This past summer I spent some time in Alleppey. It was the last leg of a 10-day trip to Kerala with my sister. We spent our days in hostels, travelling for hours in local buses and struggling to communicate with locals because of the language barrier. That night in Alleppey, the hostel manager organised a dinner at a restaurant nearby. It was a small place, with basic seating arrangements, but packed to the rafters. I had the most delicious iddiyappam (rice noodles) and chicken curry there. It was so good I don’t think I looked up from my meal even once! After we were done eating, we were all served a steaming cup of black tea with lemon and mint. It was the perfect end to a great meal.
Mandeep Singh Kapoor (COO China)
During my last trip to China in November, I was visiting a company in Shenzhen and they took me out to lunch to try Coconut Chicken, a local delicacy. I imagined it to be a regular chicken dish, cooked in coconut oil or garnished with grated coconut. But when we reached the restaurant, I was surprised to discover that it was actually a raw chicken that was brought to the table and placed into boiling water before us. The water had some pieces of coconut, so the meat would absorb the subtle flavour. It was a first for me, as someone who was used to the spice, complex flavours and well-done meat in Indian food.
Anusha Murthy (Marketing)
“In April this year, I was in Lower Parel, Mumbai, rushing to catch a monorail at the station (for the uninitiated, monorails have a frequency of 25 mins, and the later it gets the more crowded it becomes). I dodged past a lot of people to make it in time with just 5 mins to spare, when I spotted this one street vendor doling out freshly buttered hot pavs stuffed with spicy boiled eggs. I wasn’t hungry, but I was definitely intrigued to see what it tasted like. Ignoring my well meaning inner voice which told me it was a stupid idea to miss a train for food, I stopped, and watched him make my custom Anda Pav. I savored every bite with a hot cuppa chai. I did reach home an hour late, but best decision ever!”
Karthic Rathinam (Industrial Design Intern)
Every Monday morning in Bangalore, I would treat myself to some biryani from Shareif Bhai Biryani, a local restaurant. I planned my day around this meal. I would skip breakfast and wait until mid-day. As soon as it was time, I would order it in to the office and wait outside even before the delivery guy calls me. It became a ritual- I would finish all my work, get a clean plate and 2 bowls for the raita and the curry and sit down to eat and savour every bite. It would take me an entire hour to finish my meal, but every minute was worth it!”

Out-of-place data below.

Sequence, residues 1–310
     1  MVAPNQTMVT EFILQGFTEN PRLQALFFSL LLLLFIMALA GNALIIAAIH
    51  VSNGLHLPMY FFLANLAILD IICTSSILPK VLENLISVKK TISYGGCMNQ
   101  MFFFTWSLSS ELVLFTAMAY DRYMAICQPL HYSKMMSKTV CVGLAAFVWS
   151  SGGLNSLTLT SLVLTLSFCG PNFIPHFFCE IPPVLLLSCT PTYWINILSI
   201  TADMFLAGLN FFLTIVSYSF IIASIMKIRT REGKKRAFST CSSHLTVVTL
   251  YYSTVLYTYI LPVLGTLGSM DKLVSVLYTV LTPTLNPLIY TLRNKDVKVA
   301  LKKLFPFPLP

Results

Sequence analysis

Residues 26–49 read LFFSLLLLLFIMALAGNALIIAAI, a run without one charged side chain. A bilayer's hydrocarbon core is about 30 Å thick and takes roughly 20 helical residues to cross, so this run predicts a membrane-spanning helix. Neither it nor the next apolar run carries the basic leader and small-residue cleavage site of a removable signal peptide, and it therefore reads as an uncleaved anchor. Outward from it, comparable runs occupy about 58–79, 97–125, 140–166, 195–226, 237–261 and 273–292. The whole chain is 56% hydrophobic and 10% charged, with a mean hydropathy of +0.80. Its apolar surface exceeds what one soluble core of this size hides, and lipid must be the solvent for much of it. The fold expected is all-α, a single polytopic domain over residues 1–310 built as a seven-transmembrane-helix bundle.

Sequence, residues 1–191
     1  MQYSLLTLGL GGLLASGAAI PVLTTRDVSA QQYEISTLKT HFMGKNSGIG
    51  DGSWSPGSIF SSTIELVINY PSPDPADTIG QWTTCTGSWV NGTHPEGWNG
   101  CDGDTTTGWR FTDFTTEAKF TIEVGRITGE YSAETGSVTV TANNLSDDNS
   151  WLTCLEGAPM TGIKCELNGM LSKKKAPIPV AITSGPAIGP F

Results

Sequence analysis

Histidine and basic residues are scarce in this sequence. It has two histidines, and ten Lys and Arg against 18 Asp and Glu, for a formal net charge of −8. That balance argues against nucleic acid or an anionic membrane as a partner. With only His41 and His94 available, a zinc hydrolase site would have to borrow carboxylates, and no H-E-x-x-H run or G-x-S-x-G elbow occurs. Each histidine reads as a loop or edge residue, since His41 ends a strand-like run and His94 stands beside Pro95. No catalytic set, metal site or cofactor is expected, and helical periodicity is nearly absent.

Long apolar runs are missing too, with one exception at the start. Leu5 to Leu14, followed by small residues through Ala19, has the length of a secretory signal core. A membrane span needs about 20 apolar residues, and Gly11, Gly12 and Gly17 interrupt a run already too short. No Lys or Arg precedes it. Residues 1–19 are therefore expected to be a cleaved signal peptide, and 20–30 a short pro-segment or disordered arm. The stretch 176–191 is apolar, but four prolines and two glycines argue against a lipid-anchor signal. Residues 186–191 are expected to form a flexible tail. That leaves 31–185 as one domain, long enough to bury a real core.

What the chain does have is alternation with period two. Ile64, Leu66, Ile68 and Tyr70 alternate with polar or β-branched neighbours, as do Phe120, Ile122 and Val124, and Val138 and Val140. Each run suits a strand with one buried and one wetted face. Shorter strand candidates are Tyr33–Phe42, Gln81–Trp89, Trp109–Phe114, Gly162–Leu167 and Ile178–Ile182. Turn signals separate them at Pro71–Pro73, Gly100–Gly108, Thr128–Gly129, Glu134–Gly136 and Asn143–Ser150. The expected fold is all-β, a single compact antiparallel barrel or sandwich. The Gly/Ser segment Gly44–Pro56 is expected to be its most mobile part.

Raghav Gupta (Co-founder and CEO)
“I have grown up eating Kachori in Delhi. The area my family belongs to — Bhogal — is known for its multiple vendors, who compete with each-other in the local market to prepare the best Kachoris, and to attract the most customers from all parts of city. Each vendor adds his/her own touch to the dish, some making the dumpling flat and crunchy, and others making them hollow, so you can punch a hole in and fill them up with some spicy potatoes and chutneys.
This year, however, Kachoris are memorable to me for 2 reasons. The first is that this is the year my niece was born. I visited my cousin to meet her for the first time, and made sure I had a box of kachoris for them to celebrate the occasion. All us cousins have grown up with those flavours and treasure the experience of eating it together.
The second is that this year I tasted Matar (peas) Kachoris cooked by my girlfriend at home for the first time. I never could have imagined that she could cook such a sophisticated snack herself at home, but she did, and for all the people in my family. We ate, laughed, and licked our fingers clean at the end of it.”
Rohin Malhotra (Co-founder and CTO)
“Just a couple of weeks ago, early in December, I ate some Kadhai Paneer in office. Now, this isn’t an especially fancy or unusual dish. But it meant just a little more to me that day because it was cooked by the current prototype of Julia- the cooking robot we are working on. I was so happy to see that the paneer had soaked in the flavours of the slowly roasted spices. It was a special experience to eat something cooked by the appliance that we are building here at Nymble.”